“Then we got a deal. You got some talent and it gets real busy when the weather’s warm.”
There’s no way to really describe the relief I felt! It was like learning you were getting a birthday present instead of told you just flunked a whole grade. I emptied the ball of cash onto his counter before he could change his mind. All our crumpled bills and coins clattered onto the glass or rolled on the floor. I scooped it back up and pushed it into a pile.
Mike looked at his watch. “You boys better get on home,” he said. “Test it out then bring ‘er back and show me what she can do. We’ll work out any kinks then.”
We headed straight down to the beach. I imagined everyone on the street staring at us. We didn’t dare get on before we got to the boardwalk. I felt such a wave of relief that we weren’t going to jail for not having enough money, I could have flown there.
Alec yakked away about how fast we’d go and how easy it would be to win the race and where we’d go after that and how we could deliver papers together on it and then we’d ride all around the world. Before we knew it we were standing on the boardwalk facing west.
It was the moment of truth.

“Let’s Christen her right away,” Alec said. “I say we call her the Tidely-Idley because she feels like a sailboat more than a bike.”
“The Tidely-Idley it is,” I agreed. That was the name of Burt Dow’s boat.
“Then let’s go.” I couldn’t believe how excited I was. “Let’s see how she tacks.”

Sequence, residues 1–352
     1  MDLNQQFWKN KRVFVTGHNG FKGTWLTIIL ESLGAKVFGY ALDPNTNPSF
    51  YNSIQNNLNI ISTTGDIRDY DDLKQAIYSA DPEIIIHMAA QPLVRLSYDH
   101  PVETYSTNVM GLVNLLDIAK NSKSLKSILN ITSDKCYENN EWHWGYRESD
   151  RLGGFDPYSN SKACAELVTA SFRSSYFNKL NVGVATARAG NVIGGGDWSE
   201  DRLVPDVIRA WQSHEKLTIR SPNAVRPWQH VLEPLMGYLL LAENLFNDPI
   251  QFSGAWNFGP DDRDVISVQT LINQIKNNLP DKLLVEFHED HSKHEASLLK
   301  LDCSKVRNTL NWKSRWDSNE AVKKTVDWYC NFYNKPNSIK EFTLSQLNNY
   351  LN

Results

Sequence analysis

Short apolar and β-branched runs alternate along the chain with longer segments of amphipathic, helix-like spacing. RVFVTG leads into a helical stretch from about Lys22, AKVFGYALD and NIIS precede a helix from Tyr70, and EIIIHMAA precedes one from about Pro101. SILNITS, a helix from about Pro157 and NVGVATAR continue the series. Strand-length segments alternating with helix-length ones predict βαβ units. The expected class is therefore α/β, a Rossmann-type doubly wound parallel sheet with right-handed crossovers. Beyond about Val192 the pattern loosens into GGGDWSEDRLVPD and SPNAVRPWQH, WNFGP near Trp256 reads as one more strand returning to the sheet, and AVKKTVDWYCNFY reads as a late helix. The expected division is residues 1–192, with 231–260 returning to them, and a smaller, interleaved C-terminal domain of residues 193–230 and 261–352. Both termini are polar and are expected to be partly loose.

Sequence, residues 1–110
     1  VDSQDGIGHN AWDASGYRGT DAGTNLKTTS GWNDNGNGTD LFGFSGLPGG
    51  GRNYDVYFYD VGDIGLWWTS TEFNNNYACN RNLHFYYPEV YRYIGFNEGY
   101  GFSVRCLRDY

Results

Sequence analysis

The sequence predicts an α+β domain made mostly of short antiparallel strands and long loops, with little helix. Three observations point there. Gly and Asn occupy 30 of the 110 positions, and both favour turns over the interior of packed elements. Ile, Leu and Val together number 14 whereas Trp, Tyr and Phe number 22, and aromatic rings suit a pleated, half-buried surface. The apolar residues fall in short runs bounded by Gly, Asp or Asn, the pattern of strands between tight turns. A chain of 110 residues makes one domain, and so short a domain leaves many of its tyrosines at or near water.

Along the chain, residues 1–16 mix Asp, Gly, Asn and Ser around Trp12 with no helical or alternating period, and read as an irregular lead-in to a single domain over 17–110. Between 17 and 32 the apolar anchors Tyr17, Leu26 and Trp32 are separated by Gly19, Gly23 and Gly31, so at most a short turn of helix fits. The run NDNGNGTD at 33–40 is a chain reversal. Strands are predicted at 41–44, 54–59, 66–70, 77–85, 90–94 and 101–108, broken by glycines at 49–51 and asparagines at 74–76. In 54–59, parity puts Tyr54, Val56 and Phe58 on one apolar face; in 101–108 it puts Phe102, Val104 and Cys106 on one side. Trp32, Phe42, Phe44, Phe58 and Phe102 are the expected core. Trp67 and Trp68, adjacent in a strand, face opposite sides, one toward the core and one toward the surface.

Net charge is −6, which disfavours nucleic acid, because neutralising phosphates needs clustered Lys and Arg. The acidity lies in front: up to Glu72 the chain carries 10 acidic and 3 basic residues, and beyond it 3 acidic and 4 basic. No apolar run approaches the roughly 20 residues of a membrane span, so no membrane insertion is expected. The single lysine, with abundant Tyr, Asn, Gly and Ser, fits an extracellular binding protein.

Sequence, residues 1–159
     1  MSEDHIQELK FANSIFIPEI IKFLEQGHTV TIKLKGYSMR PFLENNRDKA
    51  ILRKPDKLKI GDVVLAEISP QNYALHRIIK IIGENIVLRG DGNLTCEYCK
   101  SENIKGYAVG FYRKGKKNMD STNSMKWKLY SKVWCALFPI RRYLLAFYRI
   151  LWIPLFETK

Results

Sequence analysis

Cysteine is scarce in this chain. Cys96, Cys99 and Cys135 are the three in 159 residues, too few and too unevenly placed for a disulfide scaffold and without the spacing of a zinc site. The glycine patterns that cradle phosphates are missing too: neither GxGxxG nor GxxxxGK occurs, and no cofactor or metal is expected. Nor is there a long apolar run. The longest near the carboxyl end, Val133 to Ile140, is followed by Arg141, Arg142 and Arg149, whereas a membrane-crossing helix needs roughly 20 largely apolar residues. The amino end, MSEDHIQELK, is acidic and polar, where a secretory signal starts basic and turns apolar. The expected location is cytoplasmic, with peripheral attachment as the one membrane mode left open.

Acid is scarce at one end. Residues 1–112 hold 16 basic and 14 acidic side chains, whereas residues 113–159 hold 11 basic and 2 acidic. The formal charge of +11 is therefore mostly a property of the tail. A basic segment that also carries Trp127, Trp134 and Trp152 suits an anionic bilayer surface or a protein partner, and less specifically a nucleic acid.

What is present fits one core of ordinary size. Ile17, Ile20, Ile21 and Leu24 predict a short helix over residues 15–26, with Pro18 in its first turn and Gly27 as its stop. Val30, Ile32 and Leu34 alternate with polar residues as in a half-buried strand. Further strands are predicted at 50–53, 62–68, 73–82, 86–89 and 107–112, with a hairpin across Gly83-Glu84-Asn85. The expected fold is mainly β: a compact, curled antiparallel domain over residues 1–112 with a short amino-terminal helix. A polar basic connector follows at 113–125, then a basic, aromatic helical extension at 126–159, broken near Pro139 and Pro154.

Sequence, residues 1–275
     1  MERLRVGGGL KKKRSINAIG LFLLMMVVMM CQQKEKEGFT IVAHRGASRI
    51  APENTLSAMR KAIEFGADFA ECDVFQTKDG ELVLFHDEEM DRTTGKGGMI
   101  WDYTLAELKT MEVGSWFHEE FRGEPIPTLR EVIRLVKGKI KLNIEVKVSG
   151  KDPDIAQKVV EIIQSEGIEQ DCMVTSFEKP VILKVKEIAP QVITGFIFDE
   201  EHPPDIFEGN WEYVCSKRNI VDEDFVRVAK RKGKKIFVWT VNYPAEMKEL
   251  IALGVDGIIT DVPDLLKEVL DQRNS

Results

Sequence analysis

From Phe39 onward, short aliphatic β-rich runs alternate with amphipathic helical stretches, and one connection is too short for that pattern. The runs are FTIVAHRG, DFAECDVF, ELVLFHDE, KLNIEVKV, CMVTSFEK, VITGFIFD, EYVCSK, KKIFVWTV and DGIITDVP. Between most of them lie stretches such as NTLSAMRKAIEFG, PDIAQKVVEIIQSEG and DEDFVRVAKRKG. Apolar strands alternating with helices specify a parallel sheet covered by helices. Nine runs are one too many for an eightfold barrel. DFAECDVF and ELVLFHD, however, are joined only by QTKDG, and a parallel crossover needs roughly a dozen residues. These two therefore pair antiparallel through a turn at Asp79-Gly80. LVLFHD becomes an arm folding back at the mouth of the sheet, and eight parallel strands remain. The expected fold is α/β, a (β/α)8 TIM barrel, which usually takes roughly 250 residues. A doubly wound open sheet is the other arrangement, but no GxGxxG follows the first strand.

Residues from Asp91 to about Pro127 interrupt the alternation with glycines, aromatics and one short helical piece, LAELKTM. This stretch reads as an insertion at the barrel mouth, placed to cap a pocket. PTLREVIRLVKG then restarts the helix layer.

He straddled his seat with his feet on the ground and I climbed in front. I grabbed the bars and got both feet on the pedals.
“Steady the mains’ll!” he called.
“Aye, sir!”
“Lower the mizenmast!”
“Ready on the poop, sir!”
“Issue cheese to all hands and cast off!”
He pushed off with one foot and I started to pedal. His knee hit my shoulder. The handlebars pitched around. We crumpled up like a pop can under a wheel and landed on our butts before I could throw a hand out to keep steady.
After a lot of laughing and a couple more starts, we were racing along those boards so fast that I could hardly keep her straight. Either one could stop pedaling while the other kept going but only Alec had control of the brakes. He’d yell ‘brakes’ and I’d stop pedaling.
Well, he didn’t yell brakes. We whipped past the trees in a blur. We passed some poor guy who had to yank his a dog aside to keep from getting hit.
“Slow down!” I yelled out. “We’re going to crash.”
“This is amazing!” he yelled back. “We need a speedometer. We must be making forty miles an hour.”
In a flash we covered the entire length from Kew Gardens to Silverbirch. We were coming up fast on the jog in the boardwalk at the Balmy Beach club. That was sure disaster. I’d snagged up there a couple of times on my own already.
“You have to stop!” I screamed. I’d stopped pedaling back around the life guard post but Alec was cutting loose. “Hit the brakes! Hit the brakes!”